He returned to the 500cc world championship in 1998 with Sito Pons' Movistar Honda team, and the following year in 1999 riding for Erv Kanemoto's sponsorless team but failed to win a race.[1] He raced at home in AMA National championship in 2000 for Vance & Hines Ducati, and tested for Yamaha for the next two years[6] before retiring. He is currently a property developer in Beverly Hills, California.

In January 2008, he was reported to have been looking for a professional motorcycle racing ride for 2008 in the AMA, SBK and 250cc sections.

Grand Prix career statistics[1][edit]

Points system from 1988 to 1992:

Position 1 2 3 4 5 6 7 8 9 10 11 12 13 14 15
Points 20 17 15 13 11 10 9 8 7 6 5 4 3 2 1

Points system from 1993 onwards:

Position 1 2 3 4 5 6 7 8 9 10 11 12 13 14 15
Points 25 20 16 13 11 10 9 8 7 6 5 4 3 2 1

(key) (Races in bold indicate pole position; races in italics indicate fastest lap)

Year Class Team Machine 1 2 3 4 5 6 7 8 9 10 11 12 13 14 15 16 Points Rank Wins
1988 250cc Marlboro-Yamaha TZ250 JPN
5
USA
4
ESP
-
EXP
-
NAT
NC
GER
NC
AUT
-
NED
-
BEL
-
YUG
-
FRA
-
GBR
-
SWE
-
CZE
-
BRA
-
24 19th 0
1989 250cc Marlboro-Yamaha TZ250 JPN
1
AUS
-
USA
1
ESP
-
NAT
-
GER
-
AUT
-
YUG
-
NED
-
BEL
-
FRA
-
GBR
-
SWE
-
CZE
-
BRA
-
40 14th 2
500cc Marlboro-Yamaha YZR500 JPN
-
AUS
-
USA
-
ESP
-
NAT
-
GER
-
AUT
-
YUG
-
NED
-
BEL
5
FRA
-
GBR
-
SWE
-
CZE
-
BRA
-
5.5 35th 0
1990 250cc Marlboro-Yamaha YZR250 JPN
14
USA
1
ESP
1
NAT
1
GER
3
AUT
3
YUG
2
NED
1
BEL
1
FRA
NC
GBR
NC
SWE
2
CZE
2
HUN
1
AUS
1
223 1st 7
1991 500cc Marlboro-Yamaha YZR500 JPN
4
AUS
3
USA
NC
ESP
2
ITA
2
GER
NC
AUT
9
EUR
5
NED
6
FRA
NC
GBR
4
RSM
6
CZE
3
VDM
4
MAL
1
161 4th 1
1992 500cc Marlboro-Yamaha YZR500 JPN
NC
AUS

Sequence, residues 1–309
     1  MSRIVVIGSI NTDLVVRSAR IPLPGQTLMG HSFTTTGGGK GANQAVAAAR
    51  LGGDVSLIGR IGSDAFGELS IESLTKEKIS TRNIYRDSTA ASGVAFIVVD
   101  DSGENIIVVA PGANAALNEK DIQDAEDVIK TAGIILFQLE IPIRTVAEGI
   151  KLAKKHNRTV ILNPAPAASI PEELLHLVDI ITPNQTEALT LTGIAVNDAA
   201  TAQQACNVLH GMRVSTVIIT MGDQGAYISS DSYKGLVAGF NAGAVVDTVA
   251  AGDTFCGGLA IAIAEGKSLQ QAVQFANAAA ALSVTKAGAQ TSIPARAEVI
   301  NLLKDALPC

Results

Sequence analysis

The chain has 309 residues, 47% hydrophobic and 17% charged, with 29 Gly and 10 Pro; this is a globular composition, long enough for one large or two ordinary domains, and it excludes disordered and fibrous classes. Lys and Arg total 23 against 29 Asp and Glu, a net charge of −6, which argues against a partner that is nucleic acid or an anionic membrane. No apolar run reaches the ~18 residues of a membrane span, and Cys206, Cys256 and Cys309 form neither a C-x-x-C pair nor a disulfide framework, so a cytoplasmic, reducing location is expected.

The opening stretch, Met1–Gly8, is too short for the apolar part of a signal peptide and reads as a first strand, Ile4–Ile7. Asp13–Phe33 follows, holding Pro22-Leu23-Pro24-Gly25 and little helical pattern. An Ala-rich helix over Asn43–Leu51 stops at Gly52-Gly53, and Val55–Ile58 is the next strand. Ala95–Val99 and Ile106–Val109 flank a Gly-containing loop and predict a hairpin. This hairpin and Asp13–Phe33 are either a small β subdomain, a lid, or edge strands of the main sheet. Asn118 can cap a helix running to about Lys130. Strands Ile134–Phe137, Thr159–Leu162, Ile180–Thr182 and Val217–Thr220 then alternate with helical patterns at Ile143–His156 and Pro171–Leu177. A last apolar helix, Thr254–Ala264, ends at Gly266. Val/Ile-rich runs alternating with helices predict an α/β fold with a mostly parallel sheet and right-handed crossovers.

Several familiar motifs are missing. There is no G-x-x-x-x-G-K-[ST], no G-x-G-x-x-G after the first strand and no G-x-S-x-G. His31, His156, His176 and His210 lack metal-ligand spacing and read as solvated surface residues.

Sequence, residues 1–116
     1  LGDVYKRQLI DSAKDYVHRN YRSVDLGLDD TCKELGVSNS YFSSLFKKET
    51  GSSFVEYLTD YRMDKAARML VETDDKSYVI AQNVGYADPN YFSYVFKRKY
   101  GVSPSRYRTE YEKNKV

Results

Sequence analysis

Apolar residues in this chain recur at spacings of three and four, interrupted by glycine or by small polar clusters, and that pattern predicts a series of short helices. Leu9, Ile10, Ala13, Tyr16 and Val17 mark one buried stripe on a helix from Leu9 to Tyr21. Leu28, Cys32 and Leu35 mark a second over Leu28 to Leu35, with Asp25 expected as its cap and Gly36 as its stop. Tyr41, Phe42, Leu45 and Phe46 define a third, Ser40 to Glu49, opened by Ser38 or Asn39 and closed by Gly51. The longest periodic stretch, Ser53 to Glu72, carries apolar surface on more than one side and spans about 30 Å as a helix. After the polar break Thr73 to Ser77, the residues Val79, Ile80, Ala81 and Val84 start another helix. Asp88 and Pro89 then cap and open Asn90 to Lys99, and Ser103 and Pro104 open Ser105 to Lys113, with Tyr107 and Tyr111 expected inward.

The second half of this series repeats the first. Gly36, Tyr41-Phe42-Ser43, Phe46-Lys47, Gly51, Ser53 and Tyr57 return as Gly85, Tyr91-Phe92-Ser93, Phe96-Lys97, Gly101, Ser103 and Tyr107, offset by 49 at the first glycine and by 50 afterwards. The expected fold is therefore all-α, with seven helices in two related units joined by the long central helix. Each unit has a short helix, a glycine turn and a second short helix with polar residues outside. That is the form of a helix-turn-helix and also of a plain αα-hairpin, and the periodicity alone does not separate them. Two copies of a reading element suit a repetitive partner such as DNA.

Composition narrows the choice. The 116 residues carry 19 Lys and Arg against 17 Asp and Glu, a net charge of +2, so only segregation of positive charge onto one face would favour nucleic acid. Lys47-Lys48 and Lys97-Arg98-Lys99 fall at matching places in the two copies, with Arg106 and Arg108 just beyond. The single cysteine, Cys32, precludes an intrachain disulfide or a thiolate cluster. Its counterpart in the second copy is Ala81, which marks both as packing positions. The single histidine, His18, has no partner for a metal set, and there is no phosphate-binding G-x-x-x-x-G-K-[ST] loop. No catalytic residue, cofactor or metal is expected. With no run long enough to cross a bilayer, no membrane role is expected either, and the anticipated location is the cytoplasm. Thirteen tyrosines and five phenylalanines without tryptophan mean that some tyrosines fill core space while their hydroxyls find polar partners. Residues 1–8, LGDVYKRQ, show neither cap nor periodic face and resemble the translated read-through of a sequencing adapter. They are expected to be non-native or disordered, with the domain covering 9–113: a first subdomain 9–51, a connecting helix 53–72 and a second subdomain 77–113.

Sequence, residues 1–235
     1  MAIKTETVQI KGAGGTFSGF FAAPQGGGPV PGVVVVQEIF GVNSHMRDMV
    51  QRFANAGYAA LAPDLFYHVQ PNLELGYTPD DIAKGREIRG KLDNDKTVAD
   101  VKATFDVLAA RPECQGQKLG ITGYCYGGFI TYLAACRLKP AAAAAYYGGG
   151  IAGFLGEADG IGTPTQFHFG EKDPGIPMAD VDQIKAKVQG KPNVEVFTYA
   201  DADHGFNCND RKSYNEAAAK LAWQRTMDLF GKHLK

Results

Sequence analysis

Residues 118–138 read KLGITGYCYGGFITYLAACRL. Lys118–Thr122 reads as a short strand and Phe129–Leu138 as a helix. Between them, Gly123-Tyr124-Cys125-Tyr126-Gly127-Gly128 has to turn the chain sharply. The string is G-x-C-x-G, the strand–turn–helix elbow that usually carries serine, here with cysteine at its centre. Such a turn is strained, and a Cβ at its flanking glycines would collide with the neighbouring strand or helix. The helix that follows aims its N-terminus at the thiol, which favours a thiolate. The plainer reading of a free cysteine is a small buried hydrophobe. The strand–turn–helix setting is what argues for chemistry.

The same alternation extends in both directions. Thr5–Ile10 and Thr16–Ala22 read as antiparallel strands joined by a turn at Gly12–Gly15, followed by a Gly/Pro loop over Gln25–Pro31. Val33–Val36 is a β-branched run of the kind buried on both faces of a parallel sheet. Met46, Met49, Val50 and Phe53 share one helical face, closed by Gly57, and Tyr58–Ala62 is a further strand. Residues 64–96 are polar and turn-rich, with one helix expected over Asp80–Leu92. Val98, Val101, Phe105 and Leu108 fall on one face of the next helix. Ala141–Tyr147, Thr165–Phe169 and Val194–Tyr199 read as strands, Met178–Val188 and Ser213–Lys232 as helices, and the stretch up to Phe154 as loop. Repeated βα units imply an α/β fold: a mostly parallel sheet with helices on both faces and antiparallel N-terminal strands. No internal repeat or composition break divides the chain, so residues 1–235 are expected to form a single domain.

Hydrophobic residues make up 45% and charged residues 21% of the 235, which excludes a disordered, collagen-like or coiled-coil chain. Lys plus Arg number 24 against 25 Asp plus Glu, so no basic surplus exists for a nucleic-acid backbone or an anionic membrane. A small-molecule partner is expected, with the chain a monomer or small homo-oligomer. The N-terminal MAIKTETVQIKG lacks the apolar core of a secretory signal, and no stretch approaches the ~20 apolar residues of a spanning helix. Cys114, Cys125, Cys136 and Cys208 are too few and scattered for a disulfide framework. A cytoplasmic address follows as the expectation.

DNS
MAL
-
ESP
5
ITA
3
EUR
5
GER
5
NED
2
HUN
7
FRA
3
GBR
NC
BRA
2
RSA
1
102 3rd 1
1993 250cc Lucky Strike Suzuki RGV250 AUS
2
MAL
5
JPN
9
ESP
4
AUT
7
GER
12
NED
3
EUR
-
RSM
-
GBR
-
CZE
-
ITA
-
USA
-
FIM
-
80 12th 0
500cc Cagiva GP500 AUS
-
MAL
-
JPN
-
ESP
-
AUT
-
GER
-
NED
-
EUR
-
RSM
-
GBR
-
CZE
4
ITA
4
USA
1
FIM
NC
51 11th 1
1994 500cc Cagiva GP500 AUS
1
MAL
2
JPN
9
ESP
3
AUT
5
GER
NC
NED
8
ITA
NC
FRA
2
GBR
4
CZE
NC
USA
2
ARG
3
EUR
3
172 3rd 1
1998 500cc Pons Racing-Honda NSR500 JPN
13
MAL
5
ESP
11
ITA
5
FRA
4
MAD
DNF
NED
-
GBR
-
GER
-
CZE
15
IMO
13
CAT
9
AUS
12
ARG
10
64 12th 0
1999 500cc Kanemoto-Honda NSR500 MAL
NC
JPN
NC
ESP
6
FRA
2
ITA
8
CAT
9
NED
7
GBR
9
GER
5
CZE
14
IMO
8
VAL
8
AUS
9
RSA
10
BRA
13
ARG
7
115 8th 0

World Superbike Championship[edit]

Pos Rider Bike SMR
San Marino
GBR
United Kingdom
GER
Germany
ITA
Italy
CZE
Czech Republic
USA
United States
EUR
European Union
INA
Indonesia
JPN
Japan
NED
Netherlands
ESP
Spain
AUS
Australia
Pos Pts Ref
R1 R2 R1 R2 R1 R2 R1 R2 R1 R2 R1 R2 R1 R2 R1 R2 R1 R2 R1 R2 R1 R2 R1 R2
1996 SBK Ducati 1 1 7 6 2 3 Ret Ret 4 6 1 12 3 Ret 1 1 5 2 5 3 3 2 7 5 3rd 337
Pos Rider Bike AUS
Australia
SMR
San Marino
GBR
United Kingdom
GER
Germany
ITA
Italy
USA
United States
EUR
European Union
AUT
Austria
NED
Netherlands
ESP
Spain
JPN
Japan
INA
Indonesia
Pos Pts Ref
R1 R2 R1 R2 R1 R2 R1 R2 R1 R2 R1 R2 R1 R2 R1 R2 R1 R2 R1 R2 R1 R2 R1 R2
1997 SBK Honda 1 7 2 1 10 5 2 14 1 2 1 1 3 2 5 3 1 3 1 1 9 3 1 Ret 1st 416

References[edit]

  1. ^ a b c d e f g h i John Kocinski career statistics at MotoGP.com
  2. ^ a b John Kocinski career World Superbike statistics at worldsbk.com
  3. ^ "John Kocinski Interview". Motorcycle Online. Archived from the original on 2006-12-15. Retrieved 2007-02-21. 
  4. ^ "John Kocinski & the RC45, 1997". Honda V-4 Motorcycles. Retrieved 2007-02-21. 
  5. ^ 1997 WSBK - Sentul
  6. ^ "John Kocinski: Multi-Millionaire Test Rider". Motorcycle Daily. Archived from the original on 2007-03-11. Retrieved 2007-02-21. 

External links[edit]


Preceded by
Sito Pons
250cc Motorcycle World Champion
1990
Succeeded by
Luca Cadalora